The setup is simple: Contact sensors embedded in the steering wheel detect abnormal heart rhythms via the driver's hands. Toyota recently showed off a Prius outfitted with the steering wheel to a group of reporters at one of its Japan facilities, according to Medgadget. The ECG info was shown on the in-car navigation screen--meaning that one day, you could casually check your heart rate along with the weather and local news.
Toyota isn't the only automaker that wants to put health-related technology in its vehicles. Ford is also working on a car seat with a built-in heart rate monitor, which can measure the human heartbeat through clothing without any need for skin contact. ...read more
Many patients don’t survive the waiting list for a donor organ.
Recently, medical community announced that a patient received a trachea (“windpipe”) that was created with the patient’s own stem cells. (Stem cells are a versatile type of cell that can transform into many types of cells. http://1.usa.gov/ubcAp)
The trachea was constructed with an artificial “skeleton” of a spongy material which was then immersed in a solution of stem cells. The cells grew into the sponge material, creating a living organ in less than two weeks. The resulting trachea was then implanted into the patient (who was suffering from tracheal cancer). The patient’s body accepted new-formed organ as if it was the original trachea.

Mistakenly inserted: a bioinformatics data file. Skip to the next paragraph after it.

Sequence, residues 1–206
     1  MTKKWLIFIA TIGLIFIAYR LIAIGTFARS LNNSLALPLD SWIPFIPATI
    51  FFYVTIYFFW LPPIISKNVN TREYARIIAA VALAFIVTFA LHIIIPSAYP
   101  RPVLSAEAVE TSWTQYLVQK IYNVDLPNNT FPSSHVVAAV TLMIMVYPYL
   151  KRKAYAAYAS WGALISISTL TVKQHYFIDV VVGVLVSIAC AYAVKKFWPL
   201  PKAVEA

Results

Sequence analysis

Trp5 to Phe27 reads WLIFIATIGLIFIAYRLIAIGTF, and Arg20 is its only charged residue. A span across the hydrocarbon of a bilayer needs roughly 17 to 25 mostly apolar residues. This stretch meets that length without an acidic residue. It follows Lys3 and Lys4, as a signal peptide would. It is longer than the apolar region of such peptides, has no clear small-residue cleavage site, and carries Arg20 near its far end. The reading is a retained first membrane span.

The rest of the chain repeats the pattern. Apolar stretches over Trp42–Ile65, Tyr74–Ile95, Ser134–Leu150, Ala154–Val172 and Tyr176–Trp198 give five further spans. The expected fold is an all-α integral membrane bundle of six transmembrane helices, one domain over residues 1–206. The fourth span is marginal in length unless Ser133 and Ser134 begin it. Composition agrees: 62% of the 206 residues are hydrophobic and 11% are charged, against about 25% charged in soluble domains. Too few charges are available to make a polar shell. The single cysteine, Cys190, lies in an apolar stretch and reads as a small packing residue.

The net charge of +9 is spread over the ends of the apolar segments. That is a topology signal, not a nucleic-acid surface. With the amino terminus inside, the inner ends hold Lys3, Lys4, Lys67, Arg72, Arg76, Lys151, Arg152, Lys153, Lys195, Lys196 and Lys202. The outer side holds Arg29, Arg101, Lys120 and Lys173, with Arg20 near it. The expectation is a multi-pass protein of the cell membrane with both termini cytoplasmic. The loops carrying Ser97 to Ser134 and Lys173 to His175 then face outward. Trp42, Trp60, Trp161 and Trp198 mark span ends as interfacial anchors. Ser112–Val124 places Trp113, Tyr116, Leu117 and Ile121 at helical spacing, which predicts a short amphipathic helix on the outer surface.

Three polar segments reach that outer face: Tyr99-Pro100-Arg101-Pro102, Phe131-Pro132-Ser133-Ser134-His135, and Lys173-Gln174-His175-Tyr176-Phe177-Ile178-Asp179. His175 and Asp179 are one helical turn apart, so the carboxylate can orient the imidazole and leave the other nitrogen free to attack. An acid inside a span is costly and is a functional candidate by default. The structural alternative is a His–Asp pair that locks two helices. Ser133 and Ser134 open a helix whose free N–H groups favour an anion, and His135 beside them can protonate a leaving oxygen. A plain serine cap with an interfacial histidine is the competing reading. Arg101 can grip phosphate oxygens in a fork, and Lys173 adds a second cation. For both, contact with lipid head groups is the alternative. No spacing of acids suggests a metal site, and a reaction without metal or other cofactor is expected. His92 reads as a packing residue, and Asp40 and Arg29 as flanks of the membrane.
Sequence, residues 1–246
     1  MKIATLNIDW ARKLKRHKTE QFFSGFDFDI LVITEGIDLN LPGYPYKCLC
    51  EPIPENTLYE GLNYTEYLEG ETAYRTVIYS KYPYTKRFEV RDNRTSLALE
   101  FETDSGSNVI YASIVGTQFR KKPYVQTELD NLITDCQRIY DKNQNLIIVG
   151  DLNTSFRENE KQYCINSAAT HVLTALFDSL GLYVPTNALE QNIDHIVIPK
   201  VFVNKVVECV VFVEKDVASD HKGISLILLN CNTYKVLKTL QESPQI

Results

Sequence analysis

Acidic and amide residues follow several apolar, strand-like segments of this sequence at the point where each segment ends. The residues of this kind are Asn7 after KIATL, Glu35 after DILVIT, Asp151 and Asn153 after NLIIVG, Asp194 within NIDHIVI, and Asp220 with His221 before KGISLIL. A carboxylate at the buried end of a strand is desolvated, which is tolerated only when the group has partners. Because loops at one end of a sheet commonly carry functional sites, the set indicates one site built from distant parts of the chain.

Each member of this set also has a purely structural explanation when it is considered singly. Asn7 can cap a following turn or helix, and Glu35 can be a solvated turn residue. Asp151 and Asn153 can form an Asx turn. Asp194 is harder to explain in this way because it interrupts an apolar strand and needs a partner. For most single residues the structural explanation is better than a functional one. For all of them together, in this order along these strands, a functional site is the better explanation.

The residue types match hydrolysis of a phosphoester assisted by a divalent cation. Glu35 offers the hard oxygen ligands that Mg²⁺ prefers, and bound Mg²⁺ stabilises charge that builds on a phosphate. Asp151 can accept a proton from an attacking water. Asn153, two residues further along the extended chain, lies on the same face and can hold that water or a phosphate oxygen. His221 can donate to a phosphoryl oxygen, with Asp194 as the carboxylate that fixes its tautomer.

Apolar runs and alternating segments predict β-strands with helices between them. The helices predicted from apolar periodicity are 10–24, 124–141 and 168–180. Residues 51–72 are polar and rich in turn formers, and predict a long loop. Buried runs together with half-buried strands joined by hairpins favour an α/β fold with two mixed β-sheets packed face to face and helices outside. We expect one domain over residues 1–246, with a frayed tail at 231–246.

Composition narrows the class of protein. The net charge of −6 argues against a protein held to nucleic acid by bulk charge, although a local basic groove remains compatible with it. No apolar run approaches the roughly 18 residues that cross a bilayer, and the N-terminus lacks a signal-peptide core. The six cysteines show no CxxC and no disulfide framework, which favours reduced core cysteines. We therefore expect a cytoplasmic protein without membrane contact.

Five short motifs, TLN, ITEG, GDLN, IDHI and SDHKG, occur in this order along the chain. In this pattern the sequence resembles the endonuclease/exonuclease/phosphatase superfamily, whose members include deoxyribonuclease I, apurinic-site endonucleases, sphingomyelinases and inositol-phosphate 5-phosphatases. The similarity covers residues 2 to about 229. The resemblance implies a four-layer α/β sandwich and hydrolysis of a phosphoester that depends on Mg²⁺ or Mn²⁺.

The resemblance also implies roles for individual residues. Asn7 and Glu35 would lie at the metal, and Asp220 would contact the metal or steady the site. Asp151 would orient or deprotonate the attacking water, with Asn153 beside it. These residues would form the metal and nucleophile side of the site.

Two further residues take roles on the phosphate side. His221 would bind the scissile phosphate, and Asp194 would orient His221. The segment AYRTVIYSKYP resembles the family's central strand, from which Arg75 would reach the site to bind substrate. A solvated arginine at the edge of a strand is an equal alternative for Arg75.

In theory, the same process could be used to create other, more complex organs: glands, liver, lungs, heart, etc.
This is lot like when the NASA space program started in 1960s with small experiments of unmanned flights. We are very early in the stages of ‘manufacturing human organs’ as an industry. But based on this breakthrough, it is very likely within next 25 years, that our children easily will have access to such constructed organs as easy as knee surgery today.
For more information and additional photos, take a look at a recent article at CNN http://bit.ly/qAibNI.
And they’re actually sturdy!
Far too many people toss their outdated clothes or, worse, send them to Salvation Army assuming, wrongly, that someone else wants to snatch up a pair of 1987 Z. Cavariccis. Tobias Juretzek ain't one of them. He takes his old shirts, jeans, and other garments and turns them into something actually useful: furniture.